University of Minnesota
Department of Psychology

Department of Psychology's home page.


PhD training is intended to develop high levels of expertise in developing research questions, conducting research, analyzing and interpreting data, and interpreting existing theory and research in psychology (i.e., scholarship). Consequently, the curriculum consists of hands on research experience, high level graduate seminars in your area of interest, and a certain number of graduate level foundation courses dealing with quantitative methods and substantive areas of research and theory that are critical for your program goals.

In addition, PhD students also complete 12-15 semester credits in a minor or supporting program. If you choose a traditional minor, all work will be in a single field related to the major. If you choose a supporting program, you will take courses in other departments selected to enhance your educational and career interests. Many graduate departments in the University offer course work that can be used for a graduate minor or supporting program. You may wish to consider courses in biology, child development, computer science, educational psychology, genetics, industrial relations, information and decision sciences, management and organization, mathematics, medicine, neuroscience, philosophy, sociology, speech pathology, and statistics. Psychology offers courses in statistics, as do the School of Statistics, the Division of Biostatistics, and the Department of Educational Psychology.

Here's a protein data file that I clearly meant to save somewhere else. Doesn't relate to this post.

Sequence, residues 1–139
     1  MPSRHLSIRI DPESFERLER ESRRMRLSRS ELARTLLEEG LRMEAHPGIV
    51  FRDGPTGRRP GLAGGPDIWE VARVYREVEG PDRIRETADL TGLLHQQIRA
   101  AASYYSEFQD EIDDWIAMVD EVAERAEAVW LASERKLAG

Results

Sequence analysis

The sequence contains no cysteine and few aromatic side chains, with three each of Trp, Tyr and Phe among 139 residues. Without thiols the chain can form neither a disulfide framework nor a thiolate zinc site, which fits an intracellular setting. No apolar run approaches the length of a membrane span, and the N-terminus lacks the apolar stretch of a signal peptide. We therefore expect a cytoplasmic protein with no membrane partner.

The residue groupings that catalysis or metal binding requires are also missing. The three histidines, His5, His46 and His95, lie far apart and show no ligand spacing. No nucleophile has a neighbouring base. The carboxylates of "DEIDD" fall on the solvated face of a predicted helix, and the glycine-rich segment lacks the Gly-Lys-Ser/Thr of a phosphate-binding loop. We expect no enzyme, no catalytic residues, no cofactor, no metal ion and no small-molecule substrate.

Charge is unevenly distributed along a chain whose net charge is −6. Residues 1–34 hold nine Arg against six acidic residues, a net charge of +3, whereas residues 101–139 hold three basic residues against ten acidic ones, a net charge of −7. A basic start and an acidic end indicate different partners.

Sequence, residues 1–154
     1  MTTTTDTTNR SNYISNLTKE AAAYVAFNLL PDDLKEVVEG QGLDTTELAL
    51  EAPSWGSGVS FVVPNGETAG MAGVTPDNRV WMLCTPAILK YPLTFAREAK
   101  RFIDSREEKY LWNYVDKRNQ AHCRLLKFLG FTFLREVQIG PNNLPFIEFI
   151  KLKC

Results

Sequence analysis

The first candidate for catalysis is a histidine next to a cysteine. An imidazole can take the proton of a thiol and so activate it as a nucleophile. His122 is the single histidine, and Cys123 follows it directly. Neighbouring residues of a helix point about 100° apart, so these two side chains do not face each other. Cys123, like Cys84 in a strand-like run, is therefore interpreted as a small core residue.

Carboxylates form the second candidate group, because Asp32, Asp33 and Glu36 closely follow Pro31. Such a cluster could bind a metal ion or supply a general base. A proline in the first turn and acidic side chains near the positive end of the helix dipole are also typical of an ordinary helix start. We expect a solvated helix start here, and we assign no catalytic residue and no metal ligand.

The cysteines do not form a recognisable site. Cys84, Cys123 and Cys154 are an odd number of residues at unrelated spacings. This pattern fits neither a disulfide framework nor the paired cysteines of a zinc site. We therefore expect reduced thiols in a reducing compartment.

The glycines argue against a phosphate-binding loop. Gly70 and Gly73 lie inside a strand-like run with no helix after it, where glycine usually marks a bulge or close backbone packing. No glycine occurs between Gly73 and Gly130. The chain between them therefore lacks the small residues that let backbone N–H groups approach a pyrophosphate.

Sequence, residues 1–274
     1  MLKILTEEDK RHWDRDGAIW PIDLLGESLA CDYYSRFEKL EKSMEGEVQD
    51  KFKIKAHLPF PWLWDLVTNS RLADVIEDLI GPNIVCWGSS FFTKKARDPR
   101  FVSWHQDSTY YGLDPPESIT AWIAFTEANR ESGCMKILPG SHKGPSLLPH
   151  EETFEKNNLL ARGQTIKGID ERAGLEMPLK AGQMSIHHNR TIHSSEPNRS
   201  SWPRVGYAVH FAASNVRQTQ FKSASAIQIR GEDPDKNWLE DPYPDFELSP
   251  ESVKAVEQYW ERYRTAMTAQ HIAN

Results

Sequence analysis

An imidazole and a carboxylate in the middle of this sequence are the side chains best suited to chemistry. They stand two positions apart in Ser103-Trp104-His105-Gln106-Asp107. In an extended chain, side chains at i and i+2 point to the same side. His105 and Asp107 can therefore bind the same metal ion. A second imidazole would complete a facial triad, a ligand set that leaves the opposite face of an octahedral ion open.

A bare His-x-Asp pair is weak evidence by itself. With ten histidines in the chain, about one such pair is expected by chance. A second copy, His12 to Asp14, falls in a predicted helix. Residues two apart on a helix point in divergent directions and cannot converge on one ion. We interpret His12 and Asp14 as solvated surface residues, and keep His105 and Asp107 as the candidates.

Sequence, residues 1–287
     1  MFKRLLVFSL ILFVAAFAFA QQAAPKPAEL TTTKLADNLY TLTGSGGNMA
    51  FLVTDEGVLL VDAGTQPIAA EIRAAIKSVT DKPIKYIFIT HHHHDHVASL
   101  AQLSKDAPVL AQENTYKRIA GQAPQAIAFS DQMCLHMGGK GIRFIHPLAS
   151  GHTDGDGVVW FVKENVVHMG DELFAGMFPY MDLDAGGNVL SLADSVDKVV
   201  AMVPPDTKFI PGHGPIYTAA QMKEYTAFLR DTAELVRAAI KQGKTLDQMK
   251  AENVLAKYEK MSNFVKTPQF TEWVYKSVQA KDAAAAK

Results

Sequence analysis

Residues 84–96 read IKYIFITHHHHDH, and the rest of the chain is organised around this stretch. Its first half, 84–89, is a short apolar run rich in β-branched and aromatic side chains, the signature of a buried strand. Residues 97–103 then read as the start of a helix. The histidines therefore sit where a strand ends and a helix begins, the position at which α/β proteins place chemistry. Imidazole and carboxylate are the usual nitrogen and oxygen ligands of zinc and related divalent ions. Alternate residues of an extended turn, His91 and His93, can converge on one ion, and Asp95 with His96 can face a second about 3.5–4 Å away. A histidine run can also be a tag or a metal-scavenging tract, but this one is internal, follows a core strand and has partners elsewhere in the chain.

To help ensure breadth of scholarship, all students in the doctoral program must satisfy the general distribution requirement in four areas outside their specialty (see the Graduate Student Handbook (PDF)). Currently, this requirement is satisfied by satisfactory performance in designated courses. You also must show competence in your area of specialization by writing either a separate special examination or, with your adviser's approval, an extensive review paper. When you finish the special examination or review paper, and the course work in your minor program, you will take a preliminary oral examination conducted by a four-member committee that includes major and minor advisers. The final requirement for the PhD is to pass a final oral examination defending your completed thesis.

See the Graduate School Catalog for additional information on doctoral program requirements.

Coordinator of Graduate Admissions and Services

Lindsey Jendraszak, MS
S246 Elliott Hall


Monday - Friday 8:00 - 4:30